Category Archives: Book Review

Guest Post – A Recipe for Employee Engagement


Today’s post is from Art Barter, in conjunction with the newly released book “Servant Leadership in Action” by Ken Blanchard. Art is one of a handful of people who contributed to this book, including Marshall Goldsmith, Dave Ramsey, mark Miller, Cheryl Bacheleder, and Simon Sinek. Art brings to us a perspective of servant leadership in reagrds towards employee engagement.


The Servant Leadership Institute helps leaders around the country change their leadership beliefs from the control model to the service model. Leaders we help all have a common desire: to engage their employees at the highest level possible. Most realize that how they are leading today needs to change.


We have all been in meetings where those in attendance have lost interest in what the leader is saying. It took me some time to understand when people are looking down at their papers, playing with their pens and doing everything to avoid eye contact, it was my own behaviors that drove their response. Why is it so hard to connect with those whom we spend most of the day?  As leaders, how do we develop a culture where people are encouraged to participate and give feedback to their leader — and the leader cares about them enough to actually listen to understand? Here are some of my thoughts and experiences on how we can engage employees today.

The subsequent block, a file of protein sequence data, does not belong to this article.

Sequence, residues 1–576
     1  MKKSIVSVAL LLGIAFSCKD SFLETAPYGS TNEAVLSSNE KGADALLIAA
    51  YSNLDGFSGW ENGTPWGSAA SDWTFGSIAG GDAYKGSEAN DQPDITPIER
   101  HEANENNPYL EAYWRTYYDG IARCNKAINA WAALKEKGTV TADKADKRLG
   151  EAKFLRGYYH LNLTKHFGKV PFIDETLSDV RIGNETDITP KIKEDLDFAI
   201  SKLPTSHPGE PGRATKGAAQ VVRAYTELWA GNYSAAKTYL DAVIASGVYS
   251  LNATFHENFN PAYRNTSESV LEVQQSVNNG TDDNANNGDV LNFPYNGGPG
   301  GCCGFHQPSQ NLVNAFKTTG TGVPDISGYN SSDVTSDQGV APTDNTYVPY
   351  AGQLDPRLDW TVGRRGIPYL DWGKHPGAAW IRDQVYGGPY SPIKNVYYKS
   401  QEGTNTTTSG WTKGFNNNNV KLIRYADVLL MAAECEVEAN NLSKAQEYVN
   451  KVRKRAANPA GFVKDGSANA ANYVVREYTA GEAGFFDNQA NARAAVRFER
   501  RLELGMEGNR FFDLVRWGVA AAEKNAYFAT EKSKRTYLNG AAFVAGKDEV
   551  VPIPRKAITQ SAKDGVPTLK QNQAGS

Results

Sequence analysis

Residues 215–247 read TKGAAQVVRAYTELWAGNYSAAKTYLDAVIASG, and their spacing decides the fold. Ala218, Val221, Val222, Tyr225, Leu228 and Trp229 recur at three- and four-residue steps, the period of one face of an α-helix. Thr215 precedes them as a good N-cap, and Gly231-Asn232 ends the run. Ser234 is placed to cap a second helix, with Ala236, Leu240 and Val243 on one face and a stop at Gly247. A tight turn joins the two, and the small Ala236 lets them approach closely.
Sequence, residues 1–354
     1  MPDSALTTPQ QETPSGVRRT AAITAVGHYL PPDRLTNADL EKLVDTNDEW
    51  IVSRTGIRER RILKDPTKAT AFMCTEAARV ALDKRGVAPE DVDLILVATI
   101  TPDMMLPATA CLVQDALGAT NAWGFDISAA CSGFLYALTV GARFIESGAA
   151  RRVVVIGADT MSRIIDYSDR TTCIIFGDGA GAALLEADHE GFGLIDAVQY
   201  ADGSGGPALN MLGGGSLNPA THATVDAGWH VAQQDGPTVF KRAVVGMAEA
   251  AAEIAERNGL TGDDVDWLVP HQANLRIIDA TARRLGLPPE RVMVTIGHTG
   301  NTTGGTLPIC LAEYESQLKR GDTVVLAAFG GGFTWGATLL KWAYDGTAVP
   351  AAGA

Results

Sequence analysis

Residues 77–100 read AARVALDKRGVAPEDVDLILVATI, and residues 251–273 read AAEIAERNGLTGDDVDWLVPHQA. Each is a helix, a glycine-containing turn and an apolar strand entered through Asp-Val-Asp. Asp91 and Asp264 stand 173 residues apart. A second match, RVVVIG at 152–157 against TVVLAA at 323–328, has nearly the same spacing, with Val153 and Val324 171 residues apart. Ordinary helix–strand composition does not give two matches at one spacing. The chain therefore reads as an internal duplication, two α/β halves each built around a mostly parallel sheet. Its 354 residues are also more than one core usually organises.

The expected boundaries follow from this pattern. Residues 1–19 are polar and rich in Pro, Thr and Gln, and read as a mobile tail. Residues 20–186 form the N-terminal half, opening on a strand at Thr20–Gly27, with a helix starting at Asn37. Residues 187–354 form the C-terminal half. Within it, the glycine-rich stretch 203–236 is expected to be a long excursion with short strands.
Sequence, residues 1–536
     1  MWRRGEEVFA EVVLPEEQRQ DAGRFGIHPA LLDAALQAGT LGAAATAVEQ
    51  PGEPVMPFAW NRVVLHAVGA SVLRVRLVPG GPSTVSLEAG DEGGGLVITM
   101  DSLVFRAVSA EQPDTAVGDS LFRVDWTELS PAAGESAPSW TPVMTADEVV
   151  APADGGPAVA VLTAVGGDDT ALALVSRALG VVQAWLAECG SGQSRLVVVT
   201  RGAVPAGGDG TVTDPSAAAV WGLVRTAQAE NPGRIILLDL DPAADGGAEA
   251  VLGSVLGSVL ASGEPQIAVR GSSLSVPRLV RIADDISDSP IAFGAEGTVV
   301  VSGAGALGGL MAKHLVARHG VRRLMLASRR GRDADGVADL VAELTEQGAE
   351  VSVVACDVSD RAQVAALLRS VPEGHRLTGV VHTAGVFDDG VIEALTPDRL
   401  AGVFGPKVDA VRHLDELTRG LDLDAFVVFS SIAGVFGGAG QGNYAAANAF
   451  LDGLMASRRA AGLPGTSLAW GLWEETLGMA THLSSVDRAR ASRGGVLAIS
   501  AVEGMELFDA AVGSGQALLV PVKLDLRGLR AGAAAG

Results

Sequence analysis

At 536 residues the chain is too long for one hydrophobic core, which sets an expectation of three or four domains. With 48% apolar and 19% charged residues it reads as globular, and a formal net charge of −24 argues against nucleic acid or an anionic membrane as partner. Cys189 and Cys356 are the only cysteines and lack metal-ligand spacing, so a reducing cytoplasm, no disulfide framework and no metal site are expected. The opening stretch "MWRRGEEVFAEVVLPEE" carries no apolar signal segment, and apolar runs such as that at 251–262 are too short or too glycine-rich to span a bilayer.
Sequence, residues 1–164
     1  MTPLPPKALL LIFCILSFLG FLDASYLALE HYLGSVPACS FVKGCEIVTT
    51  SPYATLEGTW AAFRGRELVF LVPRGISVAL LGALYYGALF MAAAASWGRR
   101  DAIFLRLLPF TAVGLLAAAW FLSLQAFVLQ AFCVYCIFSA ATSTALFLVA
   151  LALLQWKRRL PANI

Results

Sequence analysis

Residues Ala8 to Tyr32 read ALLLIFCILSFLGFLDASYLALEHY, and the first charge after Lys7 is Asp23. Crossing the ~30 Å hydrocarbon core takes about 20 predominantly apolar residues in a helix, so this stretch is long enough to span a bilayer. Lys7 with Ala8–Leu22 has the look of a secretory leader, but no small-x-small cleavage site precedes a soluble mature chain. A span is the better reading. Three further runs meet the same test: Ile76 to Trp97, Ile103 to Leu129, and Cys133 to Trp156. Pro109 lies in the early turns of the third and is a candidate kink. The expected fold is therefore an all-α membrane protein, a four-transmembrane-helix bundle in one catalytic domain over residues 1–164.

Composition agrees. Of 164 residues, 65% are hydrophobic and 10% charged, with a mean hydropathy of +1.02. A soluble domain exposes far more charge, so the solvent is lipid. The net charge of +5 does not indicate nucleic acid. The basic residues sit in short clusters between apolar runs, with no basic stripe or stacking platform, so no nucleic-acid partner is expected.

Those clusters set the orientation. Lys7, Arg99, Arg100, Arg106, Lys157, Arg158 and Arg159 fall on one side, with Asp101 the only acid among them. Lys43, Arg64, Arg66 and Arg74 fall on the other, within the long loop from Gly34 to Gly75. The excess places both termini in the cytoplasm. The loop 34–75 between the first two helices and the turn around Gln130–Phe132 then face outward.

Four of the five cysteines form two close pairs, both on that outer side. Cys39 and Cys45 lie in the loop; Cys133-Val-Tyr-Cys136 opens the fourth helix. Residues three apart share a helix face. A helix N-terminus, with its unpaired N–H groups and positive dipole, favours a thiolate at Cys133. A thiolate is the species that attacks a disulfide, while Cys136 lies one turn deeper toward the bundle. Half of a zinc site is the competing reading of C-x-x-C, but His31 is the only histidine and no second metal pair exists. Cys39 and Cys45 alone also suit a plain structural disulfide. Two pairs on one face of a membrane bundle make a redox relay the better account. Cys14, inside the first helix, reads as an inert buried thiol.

Do you inspire your employees?


People don’t feel inspired by their leaders. Leaders today do not live the company values through their behaviors. Leadership behavior, in the most part, has been driven by the command and control leadership model. People want their leaders to care about them, not just say they care. Leaders inspire others through their behavior more than anything they might say.  Part of that behavior is painting an inspirational picture for employees — one that shows them how their work impacts the world. Be a storyteller, reminding employees all the things they have accomplished.


Do you invest time in your employees?


People don’t feel their leaders really invest in them. Leaders today don’t feel they need to meet people where they are. Most leaders don’t know what this means. I love to ask leaders if they invest their time in their employees. Most will respond with that worn out saying, “my door is always open.” I ask them to tear the door off its hinges and show me their calendar. When I see employees scheduled in a leader’s calendar on a regular basis, I know the leader really cares.  We all should schedule regular one-to-one meetings with those who report directly to us.


Do you trust your employees?